Schools

Schools face up to £80m hike in energy costs, Labour warns

Party warns fuel price rises could see school spending rocket to £740m

Party warns fuel price rises could see school spending rocket to £740m

The DfE has announced it will send out more CO2 monitors to schools as new data shows a steep increase in severe flu cases

Schools face energy price hikes of up to £80 million in a year as gas and electric prices soar, Labour has warned.

The party’s analysis of school finances data published by the government found that state schools pay more than £660 million in energy costs every year.

Rising fuel prices are expected to see the average energy bill rise by 12 per cent in the coming months, which Labour warned could see schools’ outlay rise to almost £740 million.

The party said secondary schools were likely to be hit particularly badly due to their size, with the average institution facing a £10,000 hike.

The warning comes after Schools Week revealed how leaders in the north east had been told to expect a near-50 per cent hike in their gas bills.

Others were budgeting tens of thousands of pounds to meet rising costs. Since January, wholesale gas prices have risen 250 per cent across the world.

Shadow schools minister Peter Kyle said schools had “done a tremendous job in helping children throughout the pandemic”.

Peter Kyle

“Yet with little government support for catch-up, they’re operating on a shoestring, and just like families everywhere are working desperately to make ends meet.

“What they don’t need is a £10,000 bill whacked on their desks for gas and electric, forcing schools to choose between spending on teaching, and keeping the lights on.”

He said the government needed to “come forward with a clear plan for how schools should deal with this increase in costs”.

Schools face ‘unprecedented’ freeze despite budget cash

The analysis follows warnings about school finances after a spending review that leaders say could fail to protect schools from rising costs.

Chancellor Rishi Sunak announced on Wednesday that an extra £4.7 billion will be added to the core schools budget. But this also has to cover planned staff pay rises and increases in national insurance contributions.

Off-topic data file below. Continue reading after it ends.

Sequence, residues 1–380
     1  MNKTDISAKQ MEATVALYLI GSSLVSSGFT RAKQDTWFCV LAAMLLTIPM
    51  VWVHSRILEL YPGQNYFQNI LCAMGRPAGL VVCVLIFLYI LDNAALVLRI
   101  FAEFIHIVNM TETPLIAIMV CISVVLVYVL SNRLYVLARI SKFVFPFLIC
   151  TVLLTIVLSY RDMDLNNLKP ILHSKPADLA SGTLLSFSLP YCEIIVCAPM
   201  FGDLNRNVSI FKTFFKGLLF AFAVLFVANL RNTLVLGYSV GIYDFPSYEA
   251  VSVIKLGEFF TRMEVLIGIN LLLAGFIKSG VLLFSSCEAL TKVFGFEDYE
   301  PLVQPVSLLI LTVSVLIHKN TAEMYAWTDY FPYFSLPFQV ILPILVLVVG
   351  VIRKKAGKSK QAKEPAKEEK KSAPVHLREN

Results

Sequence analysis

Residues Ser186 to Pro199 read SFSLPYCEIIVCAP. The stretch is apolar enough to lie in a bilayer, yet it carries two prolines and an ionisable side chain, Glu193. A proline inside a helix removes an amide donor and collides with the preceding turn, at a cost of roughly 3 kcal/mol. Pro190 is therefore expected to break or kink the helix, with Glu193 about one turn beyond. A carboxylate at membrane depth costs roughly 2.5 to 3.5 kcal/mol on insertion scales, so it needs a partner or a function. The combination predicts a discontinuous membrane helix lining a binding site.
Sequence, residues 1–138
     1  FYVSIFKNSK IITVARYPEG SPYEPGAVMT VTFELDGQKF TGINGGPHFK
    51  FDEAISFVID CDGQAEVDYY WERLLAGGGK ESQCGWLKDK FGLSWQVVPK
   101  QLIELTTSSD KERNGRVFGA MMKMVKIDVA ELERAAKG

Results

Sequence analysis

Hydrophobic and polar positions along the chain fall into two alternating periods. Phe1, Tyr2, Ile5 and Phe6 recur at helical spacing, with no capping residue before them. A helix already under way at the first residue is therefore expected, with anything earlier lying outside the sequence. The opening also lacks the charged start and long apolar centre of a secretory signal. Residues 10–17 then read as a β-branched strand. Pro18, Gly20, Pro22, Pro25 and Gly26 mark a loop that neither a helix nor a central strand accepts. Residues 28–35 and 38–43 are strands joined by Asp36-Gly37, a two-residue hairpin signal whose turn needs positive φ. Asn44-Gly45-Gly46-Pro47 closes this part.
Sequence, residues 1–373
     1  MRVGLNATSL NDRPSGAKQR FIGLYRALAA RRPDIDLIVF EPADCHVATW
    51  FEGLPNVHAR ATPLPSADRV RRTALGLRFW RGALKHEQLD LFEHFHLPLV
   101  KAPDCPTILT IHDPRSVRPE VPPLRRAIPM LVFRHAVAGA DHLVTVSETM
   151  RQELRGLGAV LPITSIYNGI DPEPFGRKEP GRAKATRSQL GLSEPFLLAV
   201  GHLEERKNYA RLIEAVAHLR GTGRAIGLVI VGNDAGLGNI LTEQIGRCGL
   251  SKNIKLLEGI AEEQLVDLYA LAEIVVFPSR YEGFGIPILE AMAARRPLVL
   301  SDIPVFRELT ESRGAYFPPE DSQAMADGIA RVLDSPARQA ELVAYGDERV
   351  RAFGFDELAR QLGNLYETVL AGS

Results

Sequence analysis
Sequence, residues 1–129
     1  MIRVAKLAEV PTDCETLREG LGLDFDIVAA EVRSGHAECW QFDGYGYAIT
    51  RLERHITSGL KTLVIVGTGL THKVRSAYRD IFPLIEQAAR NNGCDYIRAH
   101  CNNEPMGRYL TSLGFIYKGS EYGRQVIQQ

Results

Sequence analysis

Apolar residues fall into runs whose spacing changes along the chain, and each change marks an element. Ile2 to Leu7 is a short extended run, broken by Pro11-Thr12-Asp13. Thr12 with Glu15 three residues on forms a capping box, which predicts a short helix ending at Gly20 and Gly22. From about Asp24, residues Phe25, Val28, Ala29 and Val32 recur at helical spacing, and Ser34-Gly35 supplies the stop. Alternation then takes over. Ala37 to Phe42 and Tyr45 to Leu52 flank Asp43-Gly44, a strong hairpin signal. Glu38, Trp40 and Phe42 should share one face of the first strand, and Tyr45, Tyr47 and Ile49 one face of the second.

The additional money will also only return funding to 2010 levels in real terms by 2024, and the Institute for Fiscal Studies this week described a decade and a half with no growth in spending despite economic growth as “unprecedented”.

Paul Whiteman, who leads the NAHT leaders’ union, said ministers “urgently need to look at how schools might be impacted this winter”.

“Covid guidance on classroom ventilation is still ‘open some windows’, but schools do need to be kept at a reasonable temperature for the children in them, which means heating use – and bills – could rapidly start to cripple already pressured school budgets.

“We are already hearing of schools seeing their gas bills being dramatically increased, even when they thought they were locked into a fixed tariff. The government needs to recognise this and ensure schools have the funding and resources they need to keep staff and students comfortable and safe.”

And Geoff Barton, general secretary of the ASCL school leaders’ union, warned of a “huge extra cost pressure on school budgets which are already extremely tight”.

“We fully welcome the additional investment in schools. The trouble is that school budgets have been hammered over the past decade and this extra money could very quickly evaporate under the weight of extra cost pressures.”

The Department for Education was approached for comment.

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